In this issue you will find:
- Important PCOM Dates
- Spring and Traditional Chinese Medicine – 5 Elements Theory
- Acupuncture and its Affects During and After Pregnancy
- Chinese Medicine Eases Stress
- Chinese Wisdom: Quote of the Day
- May 6 (Sunday) -- San Diego Healing Arts Festival
- May 15 (Tuesday) -- New York Open House
- May 16 (Wednesday) -- Chicago Open House MSTOM Program
- May 19 (Saturday) -- San Diego Open House
- June 2 - 3 (Sat/Sun) -- (Chicago) Japanese Tsubos and Effective Acu-Points
Spring and Traditional Chinese Medicine - 5 Elements Theory
Chinese Medicine. It is based on the observation of the natural cycles and interrelationships in the environment and within ourselves. For example, there are five environmental elements – fire, earth, metal, water and wood – each corresponding with certain body organs, such as the heart, spleen, lungs, kidneys, liver, intestines, stomach, urinary bladder and gull bladder. The five different elements are associated with different times of the year: fire with summer, Earth with late summer, metal with autumn, water with winter and wood with spring.
The five elements interact with each other (they depend on each other). For example, the liver, belonging to the Wood element, directly affects the spleen, which belongs to the Earth element. Traditional Chinese Medicine (TCM) practitioners try to maintain a balance among the body’s organs
Spring is associated with the Wood element, which governs the liver and gall bladder. Strong winds are typical during spring. The blowing of wind in spring could over-strengthen the liver, which in turn could affect the spleen. If so, a disharmony of the liver and spleen occurs. TCM practitioners may detect this imbalance by observing symptoms such as stomach pain, acid regurgitation, stomach distention and diarrhea.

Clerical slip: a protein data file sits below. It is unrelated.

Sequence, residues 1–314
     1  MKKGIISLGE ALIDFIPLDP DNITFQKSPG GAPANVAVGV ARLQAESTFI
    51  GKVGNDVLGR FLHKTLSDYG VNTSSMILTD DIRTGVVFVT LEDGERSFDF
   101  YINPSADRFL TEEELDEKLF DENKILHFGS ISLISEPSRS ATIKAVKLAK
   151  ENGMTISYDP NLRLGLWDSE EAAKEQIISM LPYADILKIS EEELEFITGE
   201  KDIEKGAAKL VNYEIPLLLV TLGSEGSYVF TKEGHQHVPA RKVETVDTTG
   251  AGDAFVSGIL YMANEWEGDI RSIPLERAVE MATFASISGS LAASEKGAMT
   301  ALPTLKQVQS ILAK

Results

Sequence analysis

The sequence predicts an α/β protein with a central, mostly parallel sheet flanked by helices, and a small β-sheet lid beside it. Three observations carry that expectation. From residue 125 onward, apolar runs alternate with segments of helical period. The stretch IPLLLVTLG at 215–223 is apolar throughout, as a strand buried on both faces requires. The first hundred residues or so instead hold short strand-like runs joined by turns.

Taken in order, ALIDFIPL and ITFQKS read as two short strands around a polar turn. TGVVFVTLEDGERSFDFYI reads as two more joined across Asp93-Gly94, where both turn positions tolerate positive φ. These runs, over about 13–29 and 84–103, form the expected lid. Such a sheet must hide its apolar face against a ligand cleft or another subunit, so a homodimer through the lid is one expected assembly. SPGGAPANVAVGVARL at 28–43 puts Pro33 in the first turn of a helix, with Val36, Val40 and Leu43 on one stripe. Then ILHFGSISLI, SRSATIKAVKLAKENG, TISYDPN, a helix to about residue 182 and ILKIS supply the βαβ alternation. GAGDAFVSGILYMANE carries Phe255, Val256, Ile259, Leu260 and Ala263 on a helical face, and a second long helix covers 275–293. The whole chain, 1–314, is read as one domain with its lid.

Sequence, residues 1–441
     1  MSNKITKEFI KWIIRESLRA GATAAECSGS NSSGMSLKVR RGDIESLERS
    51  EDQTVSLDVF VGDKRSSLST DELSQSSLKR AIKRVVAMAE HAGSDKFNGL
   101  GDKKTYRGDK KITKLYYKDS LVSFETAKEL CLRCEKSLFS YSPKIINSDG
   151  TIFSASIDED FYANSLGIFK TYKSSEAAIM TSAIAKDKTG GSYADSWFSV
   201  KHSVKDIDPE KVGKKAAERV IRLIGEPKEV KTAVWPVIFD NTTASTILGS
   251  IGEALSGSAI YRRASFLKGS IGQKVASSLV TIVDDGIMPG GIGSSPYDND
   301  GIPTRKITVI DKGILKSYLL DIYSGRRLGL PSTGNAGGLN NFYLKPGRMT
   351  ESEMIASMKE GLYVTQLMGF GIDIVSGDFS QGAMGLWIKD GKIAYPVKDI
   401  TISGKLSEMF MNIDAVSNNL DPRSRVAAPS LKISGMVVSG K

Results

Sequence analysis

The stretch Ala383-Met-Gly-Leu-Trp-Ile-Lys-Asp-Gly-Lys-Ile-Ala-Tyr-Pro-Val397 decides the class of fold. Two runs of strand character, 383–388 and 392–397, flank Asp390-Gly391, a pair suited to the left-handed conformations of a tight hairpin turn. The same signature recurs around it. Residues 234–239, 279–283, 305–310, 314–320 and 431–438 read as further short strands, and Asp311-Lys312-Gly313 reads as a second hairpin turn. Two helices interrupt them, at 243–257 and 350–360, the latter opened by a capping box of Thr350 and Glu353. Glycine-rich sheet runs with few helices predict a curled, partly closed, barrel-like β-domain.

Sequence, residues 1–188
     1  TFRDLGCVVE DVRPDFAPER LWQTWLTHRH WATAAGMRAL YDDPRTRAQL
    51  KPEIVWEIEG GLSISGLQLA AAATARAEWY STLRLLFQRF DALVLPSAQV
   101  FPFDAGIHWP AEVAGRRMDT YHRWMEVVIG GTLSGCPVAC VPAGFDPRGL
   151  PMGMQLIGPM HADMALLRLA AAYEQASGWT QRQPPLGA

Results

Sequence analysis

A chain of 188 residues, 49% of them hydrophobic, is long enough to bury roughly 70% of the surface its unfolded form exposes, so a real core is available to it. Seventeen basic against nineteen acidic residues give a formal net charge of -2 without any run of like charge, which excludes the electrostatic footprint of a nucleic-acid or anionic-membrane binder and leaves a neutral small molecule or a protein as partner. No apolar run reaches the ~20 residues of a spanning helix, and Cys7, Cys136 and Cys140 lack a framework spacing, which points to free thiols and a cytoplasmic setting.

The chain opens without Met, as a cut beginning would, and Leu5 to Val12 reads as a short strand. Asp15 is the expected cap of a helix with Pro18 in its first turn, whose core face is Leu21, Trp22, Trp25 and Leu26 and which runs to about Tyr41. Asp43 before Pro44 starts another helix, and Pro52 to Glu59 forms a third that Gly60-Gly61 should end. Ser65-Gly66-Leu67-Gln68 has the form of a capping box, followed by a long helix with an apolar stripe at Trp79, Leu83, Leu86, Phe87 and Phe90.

Allergy problems are abundant during spring. If the liver is not healthy, it could affect the spleen and the lungs. Symptoms of this disharmony between organs include: chest congestion, sneezing, running nose, itching eyes and other symptoms that are associated with allergy problems. It is very important, especially during spring, to cleanse the liver and lungs and to bring a balance among them and other body organs. Acupuncture and Chinese herbal medicine can help to accomplish this balance.
TCM practitioners pay attention to weather, especially very extreme weather, like an unusually windy spring. Extreme or unusual weather can cause health imbalances in people. Health problems tend to occur during or immediately following certain seasons. The liver, which is said to “open into the eyes” in TCM, is associated with cases of infectious hepatitis and cases of pink eye, which tend to be more numerous in the spring.
TCM practitioners believe that a person should cater his or her diet to the seasons. Because spring is associated with the liver, it is important to have a diet that strengthens and cleanses the liver. There are many foods serving the purpose of soothing and cleansing the liver. Green is the color of the liver and of spring. Green and leafy vegetables, especially if the plants are young, help by cleansing and freshening the body. They benefit the liver’s overall well-being. Dandelion also works well as a spring cleanser. A balanced diet with a variety of juices such as citrus fruits, pear, apple, celery and carrot is very helpful. Sprouts from seeds such as beans, mung, and radish are valuable for spring use, as well.